Eating Out Beijing: Peking Duck @ Jing Yaa Tang by Alan Yau
I’ve done my favourite Peking duck list, the last time I’ve checked returning regularly to Beijing since I left in 2011, they are all still good, and there’s a new kid on the block to have your duck – jujube wood roasted and spot on.
I finally got a chance to dine at Jing Yaa Tang since they opened earlier this year. Alan Yau of London Michelin starred Hakkasan and more recently Yauatcha fame was brought in to consult on this Beijing outfit to take some of the Peking duck share in the market. Beijing native chef Li Dong heads up the team here and draws you in with the local and regional Chinese dishes.
I’ve had duck roasted and smoked many ways from cherry to apple wood, but here it’s done with jujube (red dates) wood – a new twist. The duck here hits the spot, in fact it’s probably worth coming just for the duck. The rice flour pancakes soft, thin and so fluffy you’d want to use it as a face mask and eat it after. Chef Dong Li also spices things up a little with honey lemon in the condiments mix that came in cute little silver gourd dishes and a delish homemade hoisin sauce that perfectly complements the acidity and sweetness of spring onions, julienne melon and cucumbers.
Crispy tasty duck tongues came as compliments from the chef and while I’m not a fan of eating random animal parts, these tasted pretty good.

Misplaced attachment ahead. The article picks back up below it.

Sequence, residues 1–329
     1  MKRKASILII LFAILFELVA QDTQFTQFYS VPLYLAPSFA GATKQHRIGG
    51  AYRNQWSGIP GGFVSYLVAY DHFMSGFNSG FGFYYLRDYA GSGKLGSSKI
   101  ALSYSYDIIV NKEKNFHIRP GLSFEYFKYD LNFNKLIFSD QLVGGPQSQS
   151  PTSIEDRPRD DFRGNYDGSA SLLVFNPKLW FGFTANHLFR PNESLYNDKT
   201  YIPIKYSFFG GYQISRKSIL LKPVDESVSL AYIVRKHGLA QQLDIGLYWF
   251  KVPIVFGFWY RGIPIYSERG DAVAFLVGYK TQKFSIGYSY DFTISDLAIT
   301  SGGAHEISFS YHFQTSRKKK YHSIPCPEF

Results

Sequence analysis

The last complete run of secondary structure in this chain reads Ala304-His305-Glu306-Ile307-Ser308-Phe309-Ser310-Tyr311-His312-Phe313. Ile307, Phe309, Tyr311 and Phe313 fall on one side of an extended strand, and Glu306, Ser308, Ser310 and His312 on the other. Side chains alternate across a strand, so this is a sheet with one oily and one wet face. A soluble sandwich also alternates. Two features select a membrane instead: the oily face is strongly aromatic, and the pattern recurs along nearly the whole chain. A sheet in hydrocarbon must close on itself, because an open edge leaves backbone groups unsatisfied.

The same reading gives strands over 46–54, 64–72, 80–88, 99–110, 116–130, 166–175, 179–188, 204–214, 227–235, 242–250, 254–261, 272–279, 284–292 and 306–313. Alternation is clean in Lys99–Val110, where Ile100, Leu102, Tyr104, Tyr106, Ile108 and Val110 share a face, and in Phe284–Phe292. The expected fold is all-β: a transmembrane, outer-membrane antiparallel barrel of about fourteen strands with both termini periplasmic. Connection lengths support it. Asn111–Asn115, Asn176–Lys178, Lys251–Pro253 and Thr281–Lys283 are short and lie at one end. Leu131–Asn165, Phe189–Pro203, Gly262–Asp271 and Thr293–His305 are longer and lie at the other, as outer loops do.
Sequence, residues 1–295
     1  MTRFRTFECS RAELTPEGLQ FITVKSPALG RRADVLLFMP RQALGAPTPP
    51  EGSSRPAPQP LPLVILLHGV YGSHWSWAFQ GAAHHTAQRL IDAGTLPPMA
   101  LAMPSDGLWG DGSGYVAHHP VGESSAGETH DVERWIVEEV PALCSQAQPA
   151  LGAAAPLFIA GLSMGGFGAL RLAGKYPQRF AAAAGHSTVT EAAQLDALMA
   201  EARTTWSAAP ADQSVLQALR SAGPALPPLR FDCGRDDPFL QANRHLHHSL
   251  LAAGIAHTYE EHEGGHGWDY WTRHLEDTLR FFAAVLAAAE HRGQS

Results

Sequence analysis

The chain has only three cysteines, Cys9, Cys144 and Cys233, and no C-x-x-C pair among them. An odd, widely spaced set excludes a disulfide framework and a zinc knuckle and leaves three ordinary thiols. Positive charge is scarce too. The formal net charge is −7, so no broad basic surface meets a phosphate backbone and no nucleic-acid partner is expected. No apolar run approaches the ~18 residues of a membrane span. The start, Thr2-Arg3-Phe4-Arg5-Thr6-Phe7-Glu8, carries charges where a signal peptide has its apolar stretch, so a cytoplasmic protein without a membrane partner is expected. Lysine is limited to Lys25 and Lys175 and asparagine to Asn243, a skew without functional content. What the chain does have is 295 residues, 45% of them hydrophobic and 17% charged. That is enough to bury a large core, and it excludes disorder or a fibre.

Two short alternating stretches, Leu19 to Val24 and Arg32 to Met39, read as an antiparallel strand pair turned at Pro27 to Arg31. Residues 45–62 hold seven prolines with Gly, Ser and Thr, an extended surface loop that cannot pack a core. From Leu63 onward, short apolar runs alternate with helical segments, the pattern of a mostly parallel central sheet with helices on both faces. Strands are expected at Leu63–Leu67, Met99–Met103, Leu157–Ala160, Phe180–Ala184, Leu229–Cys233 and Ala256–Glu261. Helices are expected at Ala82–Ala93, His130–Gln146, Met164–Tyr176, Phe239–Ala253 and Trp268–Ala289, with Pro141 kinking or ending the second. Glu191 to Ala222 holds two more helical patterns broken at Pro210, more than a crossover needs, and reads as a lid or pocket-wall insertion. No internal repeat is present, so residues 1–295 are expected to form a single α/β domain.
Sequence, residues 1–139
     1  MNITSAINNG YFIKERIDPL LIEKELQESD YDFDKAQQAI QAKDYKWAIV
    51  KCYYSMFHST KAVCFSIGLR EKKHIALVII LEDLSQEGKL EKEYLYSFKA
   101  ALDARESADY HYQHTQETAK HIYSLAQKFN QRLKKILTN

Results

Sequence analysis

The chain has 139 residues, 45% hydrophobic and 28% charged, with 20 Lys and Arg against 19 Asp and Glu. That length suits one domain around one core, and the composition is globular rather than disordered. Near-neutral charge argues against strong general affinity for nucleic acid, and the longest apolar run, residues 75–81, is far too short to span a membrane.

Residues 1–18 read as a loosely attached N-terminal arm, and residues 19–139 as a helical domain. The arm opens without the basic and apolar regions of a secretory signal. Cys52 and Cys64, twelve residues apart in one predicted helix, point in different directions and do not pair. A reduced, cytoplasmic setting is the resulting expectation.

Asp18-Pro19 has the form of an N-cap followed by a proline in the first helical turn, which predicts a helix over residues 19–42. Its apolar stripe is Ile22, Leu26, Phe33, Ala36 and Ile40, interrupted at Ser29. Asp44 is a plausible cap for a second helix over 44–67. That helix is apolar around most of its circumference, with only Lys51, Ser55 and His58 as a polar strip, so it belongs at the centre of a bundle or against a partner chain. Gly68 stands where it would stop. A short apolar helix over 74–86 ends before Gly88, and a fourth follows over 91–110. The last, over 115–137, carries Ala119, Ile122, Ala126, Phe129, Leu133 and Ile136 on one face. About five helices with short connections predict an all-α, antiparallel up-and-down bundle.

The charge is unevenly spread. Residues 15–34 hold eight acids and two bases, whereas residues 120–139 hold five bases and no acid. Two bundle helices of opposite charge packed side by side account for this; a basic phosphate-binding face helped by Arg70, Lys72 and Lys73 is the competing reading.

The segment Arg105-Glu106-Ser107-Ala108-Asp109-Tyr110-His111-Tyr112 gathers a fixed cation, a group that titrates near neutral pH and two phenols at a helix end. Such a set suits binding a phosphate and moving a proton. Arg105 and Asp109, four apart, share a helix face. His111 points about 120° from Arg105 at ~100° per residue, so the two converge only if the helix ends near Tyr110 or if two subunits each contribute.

The menu here is contemporary and simple, with a range of dishes from Sichuan to the regional South all at surprisingly very fair prices. Dishes start from RMB38, with most ranging between RMB68 to RMB188, with a selection of finer dishes like blu lobster that start at RMB700+. We had slightly overcooked prawns with string beans wrapped round, minced pork wrapped in beancurd skin which were good homestyled cooking, but it’s really the Peking duck that shines here.
If you’ve been a regular of the hotel’s LG floor, you might recall the former bar PUNK and the private dining rooms, the space has been converted into an open restaurant space with a specially fitted wood fired oven. While the interiors are nothing to write home about, it’s the little details that count – beautiful sets of gourde plates in all shapes and sizes by Taiwanese design studio JIA, custom made beautifully shaped chairs designed in Paris, made locally, that comfortably hug your bum and a beautifully textured table that gets covered by table cloth at dinner.
Apart from ordering a whole duck – yes do that even if you’re dining as two, I’d recommend ordering the mushroom consommé, the Sichuan chicken 口水鸡, and Beijing chef Li Dong’s twist to the Taiwanese “Three cups” recipe replacing chicken with cod cooked a perfect med rare when served as it continues to sizzle in the intoxicating fragrance of the three primary ingredients of sesame oil, Chinese rice wine, and soy sauce garnished with fresh basil leaves.
Most restaurants turn the rest of the duck into a consommé or give you the bare bones to take home so you can make your own soup. Over here, they serve it up with fresh lettuce and crispy bits. The next best thing to finish it is to take the leftovers home and make a fried rice!
If you’re tried of Duck de Chine and want another option out of Da Dong, go to Jing Yaa Tang. They also open for lunch here, a welcome addition to the Sanlitun lunch scene.
The Opposite House, 11 Sanlitun Lu, Chaoyang district
Tel: +86 6410 5230
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